Tuesday, March 31, 2009

ThinSight: Versatile Multi-touch Sensing for Thin Form-factor Displays

This is a paper from the UIST 2007 Conference by Steve Hodges et al.

ThinSight is a IR emitting and detecting layer to be placed behind a display such as a LCD. It has exciting possibilities of enhancing multitouch technology and interactions.

The device relies on a two dimensional grid that emits and receives infrared light. Because the light is IR, it does not interfere with what is being displayed on the LCD screen. It's multitouch properties derive from its ability to create an image of what is in front of the screen. If your hand is in front of the screen, it will reflect the IR being emitted, and the device will received it, resulting in an image of your hand on the screen. 

Actual touching not needed to interact with the device, as it can calculate the distance an object is from it, and it can also detect how much pressure a finger is placing on the screen, as the finger will cover more area and increase in size on the image as more pressure is applied.

Another exciting ability this technology provides is being able to interact with other IR devices, such as sending and receiving data to PDAs or cell phones, it can detect the IR codes emitted from the devices, and respond by emitting codes back to the device. It also can communicate with more than one device because it can "see" where the device is and send IR beams only to that place.

I think ThinSight is an amazing technology that if fully developed, could revolutionize the way people interact with computers. It may be weird to know that your computer can "see" you, but I think the possibilities are too great not to explore this technology more fully.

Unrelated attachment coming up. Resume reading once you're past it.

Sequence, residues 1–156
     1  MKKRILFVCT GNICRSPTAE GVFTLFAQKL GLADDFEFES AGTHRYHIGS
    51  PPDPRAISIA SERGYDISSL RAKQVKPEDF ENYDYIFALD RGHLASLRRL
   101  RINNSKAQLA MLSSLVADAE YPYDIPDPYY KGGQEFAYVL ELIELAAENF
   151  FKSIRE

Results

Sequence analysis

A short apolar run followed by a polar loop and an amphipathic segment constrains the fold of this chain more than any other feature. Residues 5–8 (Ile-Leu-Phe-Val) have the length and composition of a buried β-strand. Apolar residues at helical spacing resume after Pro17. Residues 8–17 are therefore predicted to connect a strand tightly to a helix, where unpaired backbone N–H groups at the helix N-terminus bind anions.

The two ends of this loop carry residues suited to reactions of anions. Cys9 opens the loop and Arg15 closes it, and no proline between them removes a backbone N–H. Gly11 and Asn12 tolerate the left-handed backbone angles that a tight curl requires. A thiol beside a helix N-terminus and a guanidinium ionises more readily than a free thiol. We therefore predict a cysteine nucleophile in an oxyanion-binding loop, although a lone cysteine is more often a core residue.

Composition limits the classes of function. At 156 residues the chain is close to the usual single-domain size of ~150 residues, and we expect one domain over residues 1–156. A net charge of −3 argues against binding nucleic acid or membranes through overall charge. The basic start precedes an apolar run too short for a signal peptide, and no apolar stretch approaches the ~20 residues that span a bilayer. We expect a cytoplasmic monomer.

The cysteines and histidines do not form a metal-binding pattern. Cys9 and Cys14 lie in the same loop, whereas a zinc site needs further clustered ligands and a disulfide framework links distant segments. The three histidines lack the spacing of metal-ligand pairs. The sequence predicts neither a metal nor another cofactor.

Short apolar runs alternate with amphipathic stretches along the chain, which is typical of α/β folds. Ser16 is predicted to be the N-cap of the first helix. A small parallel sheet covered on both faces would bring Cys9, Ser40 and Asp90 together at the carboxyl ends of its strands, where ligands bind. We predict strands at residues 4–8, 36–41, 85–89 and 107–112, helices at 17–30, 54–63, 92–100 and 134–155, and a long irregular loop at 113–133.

Friday, March 27, 2009

Emotional Design

I believe this book by Don Norman contradicts everything he has laid out in his other works. In his other books, especially The Design of Everyday Things, he argues for straightforward, intuitive design. In this book, he argues that actractive objects stimulate the mind, causing for more creative thinking, making them easier to use.

While I don't necessarily have a problem with either side of the debate, in Everyday Things, he laid out scientific, objective suggestions for making a design successful. If there is an objective method of designing, they should be followed.

I myself would prefer to have attractive appliances, but I do not think that that is a defining aspect of the object. I like objects that are easy to use, or that have great functionality (even if they require more attention to learn fully), if the design is emotionally pleasing, that is a bonus. 

I think designers should worry about how their product will be perceived by their target audience, and should attempt to make it attractive in all aspects. I think that the primary goal is that the device functions properly, and is easy to use with respective to whatever its intended purpose is.

I accept that people like good looking things, but I think the functionality of the device should be the designer's main concern.

Thursday, March 26, 2009


I read the paper "ArtLinks: Fostering Social Awareness and Reflection in Museums" by Dan Cosley et al. from the CHI 2008 Proceedings.

ArtLinks is a test system the authors designed to attempt to link visitors perceptions of an exhibit at a museum. The authors acknowledge that many people go to a museum to learn, but they also state that people may go to a museum to see what others think about certain things.

The ArtLinks system is set up for a particular exhibit, and visitors are encourage to share their thoughts about it, much like a guestbook. The main page of the system displays common words used to describe the exhibit, with words that are used frequently appearing larger than relatively infrequently used words. As the user mouses over a word, they will see lines drawn to the visitors who used those words. As they mouse over another visitor's icon, they will see lines drawn to words that that visitor used to describe the exhibit.